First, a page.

Search Results for : essex street market
When you’re out picking up groceries for the week, ever wonder what recipes the other shoppers have up their sleeves? If you shop at Trader Joe’s you’re probably too busy elbowing people out of the way and fighting over the last jar of coconut oil to really get a good look at your neighbors’ shopping lists. (Wait, does anyone handwrite those things anymore?) But if you live near the sleepy old-school Essex Street Market, you’ve surely got a little more time to poke around and wonder about the diverse cast of vendors and shoppers rubbing shoulders amid the fruit and vegetable sellers, Japanese specialty items and fancy cheeses. If there’s anywhere you’d shop to whip up something unique, it’s here.
If you’re on the hunt for veggies at the Essex Street Market this month, you might get sidetracked (as I did) by the shoebox art gallery in the corner running an exhibition called Lettuce, Artichokes, Red Beets, Mangoes, Broccoli, Honey and Nutmeg: The Essex Street Market as Collaborator.
It sounds like the contents of a health nut’s grocery bag (we’re sure mango-artichoke-nutmeg smoothies will be all the rage soon) but Cuchifritos, Essex Market’s resident gallery run by Artists Alliance Inc, has something else in mind.
This week, we continue our series of deep dives into the histories of storied addresses.
Six inches of snowfall coated Manhattan on January 10, 1940, the day 3,500 New Yorkers gathered on Essex Street for the opening of a brand new public retail space that would change the face of the Lower East Side.
This Saturday, a blowout block party will serve as a much needed reminder that the Essex Street Market is still alive and kicking after 75 years, despite confusion caused by its impending move to the new Essex Street Crossing development.
Joshua Nelson, senior vice president of the city’s Economic Development Cooperation, which oversees and rents out spaces at the market, said the party would be a “huge celebration of the past but with an eye to the future.”
Oddfellows and Davey’s Ice Cream aren’t the only ones that started scooping over the summer. At the Essex Street Market, Catherine Oddenino and Ruthie Vishlitzky of Luca & Bosco have been quietly serving up goat cheese ice cream as well as cocktail-inspired varieties like Gin & Juice. For the fall, they’re doing seasonal flavors like Pumpkin Spice. Watch our audio slideshow to find out more about the cart’s “a la mode” program and then try asking them to top the mac & cheese pancakes you bought at Shopsins with a scoop of their Drunk & Salty Caramel.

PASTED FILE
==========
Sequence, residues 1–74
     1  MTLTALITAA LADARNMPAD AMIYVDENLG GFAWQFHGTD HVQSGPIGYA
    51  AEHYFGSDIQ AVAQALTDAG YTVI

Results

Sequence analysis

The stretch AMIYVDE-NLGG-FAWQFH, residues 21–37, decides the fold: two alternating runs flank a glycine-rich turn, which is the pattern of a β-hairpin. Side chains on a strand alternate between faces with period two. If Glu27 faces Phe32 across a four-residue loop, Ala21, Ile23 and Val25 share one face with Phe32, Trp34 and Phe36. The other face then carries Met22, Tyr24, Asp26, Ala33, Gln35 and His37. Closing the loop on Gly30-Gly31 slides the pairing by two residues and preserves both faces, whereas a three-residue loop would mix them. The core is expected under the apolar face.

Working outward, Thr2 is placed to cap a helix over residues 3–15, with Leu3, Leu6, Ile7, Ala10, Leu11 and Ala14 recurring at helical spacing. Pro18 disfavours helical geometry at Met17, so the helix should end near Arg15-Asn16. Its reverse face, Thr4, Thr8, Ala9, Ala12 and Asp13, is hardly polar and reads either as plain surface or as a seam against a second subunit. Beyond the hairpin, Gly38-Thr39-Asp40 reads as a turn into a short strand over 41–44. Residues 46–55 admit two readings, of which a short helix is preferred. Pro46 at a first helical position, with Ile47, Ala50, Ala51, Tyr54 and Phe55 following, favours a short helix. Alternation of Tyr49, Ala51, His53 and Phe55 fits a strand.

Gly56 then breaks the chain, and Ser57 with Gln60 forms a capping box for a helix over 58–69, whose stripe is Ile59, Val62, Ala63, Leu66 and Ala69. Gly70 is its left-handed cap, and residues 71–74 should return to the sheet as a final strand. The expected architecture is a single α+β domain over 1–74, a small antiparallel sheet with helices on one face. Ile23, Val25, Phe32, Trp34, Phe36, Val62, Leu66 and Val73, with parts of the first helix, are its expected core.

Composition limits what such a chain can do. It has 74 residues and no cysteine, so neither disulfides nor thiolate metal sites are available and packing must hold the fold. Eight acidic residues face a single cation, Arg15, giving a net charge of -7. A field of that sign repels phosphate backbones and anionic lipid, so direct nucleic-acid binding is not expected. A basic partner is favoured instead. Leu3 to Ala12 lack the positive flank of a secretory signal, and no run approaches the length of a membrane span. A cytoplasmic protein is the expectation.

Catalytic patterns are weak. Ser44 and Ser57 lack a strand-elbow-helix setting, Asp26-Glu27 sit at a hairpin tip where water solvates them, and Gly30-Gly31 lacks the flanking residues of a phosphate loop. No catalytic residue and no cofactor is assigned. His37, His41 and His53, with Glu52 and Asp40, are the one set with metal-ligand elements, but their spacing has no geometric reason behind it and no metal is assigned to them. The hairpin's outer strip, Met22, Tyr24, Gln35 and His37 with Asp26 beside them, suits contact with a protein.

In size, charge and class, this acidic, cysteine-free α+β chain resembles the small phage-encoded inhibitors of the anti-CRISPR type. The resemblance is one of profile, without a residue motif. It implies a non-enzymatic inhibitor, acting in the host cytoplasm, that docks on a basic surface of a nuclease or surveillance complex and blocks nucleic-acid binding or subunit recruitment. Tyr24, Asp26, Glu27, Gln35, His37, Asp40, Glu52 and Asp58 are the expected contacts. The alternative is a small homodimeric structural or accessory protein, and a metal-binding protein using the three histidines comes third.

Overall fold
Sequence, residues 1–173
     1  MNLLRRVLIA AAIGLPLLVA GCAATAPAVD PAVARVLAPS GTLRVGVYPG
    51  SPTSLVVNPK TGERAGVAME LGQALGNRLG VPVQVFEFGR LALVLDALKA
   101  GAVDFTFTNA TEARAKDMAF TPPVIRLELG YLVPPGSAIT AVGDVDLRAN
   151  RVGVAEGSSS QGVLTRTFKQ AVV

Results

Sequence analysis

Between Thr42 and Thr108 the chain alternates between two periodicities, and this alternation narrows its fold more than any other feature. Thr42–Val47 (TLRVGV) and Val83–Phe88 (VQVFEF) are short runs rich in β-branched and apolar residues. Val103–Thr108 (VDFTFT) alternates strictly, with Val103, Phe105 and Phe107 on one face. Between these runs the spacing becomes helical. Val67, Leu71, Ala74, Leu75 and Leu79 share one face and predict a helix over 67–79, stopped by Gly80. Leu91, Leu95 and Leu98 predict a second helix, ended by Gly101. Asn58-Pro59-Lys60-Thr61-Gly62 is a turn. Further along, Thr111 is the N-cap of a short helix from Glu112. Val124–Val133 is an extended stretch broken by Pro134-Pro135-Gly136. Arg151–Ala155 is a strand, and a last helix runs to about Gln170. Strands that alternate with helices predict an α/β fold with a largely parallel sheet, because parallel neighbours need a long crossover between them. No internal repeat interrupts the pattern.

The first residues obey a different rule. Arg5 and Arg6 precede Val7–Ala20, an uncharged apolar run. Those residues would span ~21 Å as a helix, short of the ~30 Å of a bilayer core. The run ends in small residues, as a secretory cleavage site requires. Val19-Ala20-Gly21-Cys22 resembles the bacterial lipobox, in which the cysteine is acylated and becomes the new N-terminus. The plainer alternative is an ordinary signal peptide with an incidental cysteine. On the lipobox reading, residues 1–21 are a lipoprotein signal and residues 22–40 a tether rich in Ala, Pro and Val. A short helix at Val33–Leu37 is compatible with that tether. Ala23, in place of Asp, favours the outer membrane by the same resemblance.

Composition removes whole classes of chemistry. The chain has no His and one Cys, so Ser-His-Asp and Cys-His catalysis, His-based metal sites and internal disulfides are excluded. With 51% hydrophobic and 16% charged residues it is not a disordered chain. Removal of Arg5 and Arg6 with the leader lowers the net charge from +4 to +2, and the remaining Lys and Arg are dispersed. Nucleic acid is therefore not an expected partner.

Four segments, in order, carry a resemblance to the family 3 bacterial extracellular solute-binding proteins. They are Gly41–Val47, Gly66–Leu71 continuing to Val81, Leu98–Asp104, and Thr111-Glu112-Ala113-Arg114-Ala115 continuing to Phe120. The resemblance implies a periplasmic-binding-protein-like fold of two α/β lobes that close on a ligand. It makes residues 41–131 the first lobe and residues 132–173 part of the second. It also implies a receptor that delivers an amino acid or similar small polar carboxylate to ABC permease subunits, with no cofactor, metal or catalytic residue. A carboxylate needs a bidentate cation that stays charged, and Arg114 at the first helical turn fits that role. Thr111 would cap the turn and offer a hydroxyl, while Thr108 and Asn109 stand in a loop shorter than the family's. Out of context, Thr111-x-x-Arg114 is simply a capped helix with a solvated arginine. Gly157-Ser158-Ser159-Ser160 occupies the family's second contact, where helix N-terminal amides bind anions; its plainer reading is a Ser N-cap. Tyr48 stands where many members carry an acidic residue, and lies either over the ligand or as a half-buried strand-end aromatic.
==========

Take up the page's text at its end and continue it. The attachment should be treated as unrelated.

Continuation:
If you didn’t catch it this weekend, you sadly missed your chance to visit “Market Surplus,” the limited-edition LES popup street art show that opened Friday evening and closed last night. The show, organized by LES provocateur Hanksy, featured work from ten street artists who had less than a week to fill an abandoned market hall with murals. The show’s “gallery” — slated for conversion to senior housing as part of the massive Essex Crossing development — will soon be demolished.
But despair not: we’ve rounded up the best Instagram photos from the show.
A Jared Kushner-owned building in Williamsburg is having a bit of a vermin issue, judging by this video of a mouse in a baby’s crib. [Gothamist]
A six-story office building in Williamsburg just sold for $30 million. [Real Estate Weekly]
And some Israeli investors just bought a Williamsburg loft building for $56 million, with plans to make it more “high-end.” [The Real Deal]
Halloween weekend is upon us, boo. The good news: There are a slew of parties on the horizon. The bad news: After this weekend the city freezes over and Santacon (ugh, Santacon in Williamsburg?) is what passes for outdoor activity. But don’t fret: The city’s biggest outdoor markets are busting out the folding tables and beer kegs one last time this weekend. Hit ’em up before they hibernate.
There’s no shortage of indie markets in New York to satisfy any handicraft/artisanal/homemade needs you might have. We’ve got #MadeinBrooklyn affairs like the Maker’s Market and plenty of hungry-foodie fleas such as the Gansevoort Market and the newly restored Essex Street Market. Of course there are the good old seasonal-standbys– Brooklyn Flea and the Renegade Craft Fair– which often feature hundreds of vendors and can make you forget you’re at a mini-bizz event and feel more like a giant mall (with cooler stuff, granted).
But what if you’re looking for something a bit more personal, and just chill?
East Houston street is currently a hotbed of development, as any casual stroll down the street will reveal. Endless scaffolding, boarded-up properties, fences, and signs announcing new things to come line the sidewalks of lots previously occupied by local shops, community facilities, and residential buildings. Although a 2008 rezoning was implemented, ostensibly to preserve the existing buildings and the affordable housing that many of them contained, developers who bought up a sliver of land at 255 East Houston Street may get a special rezoning through of their own.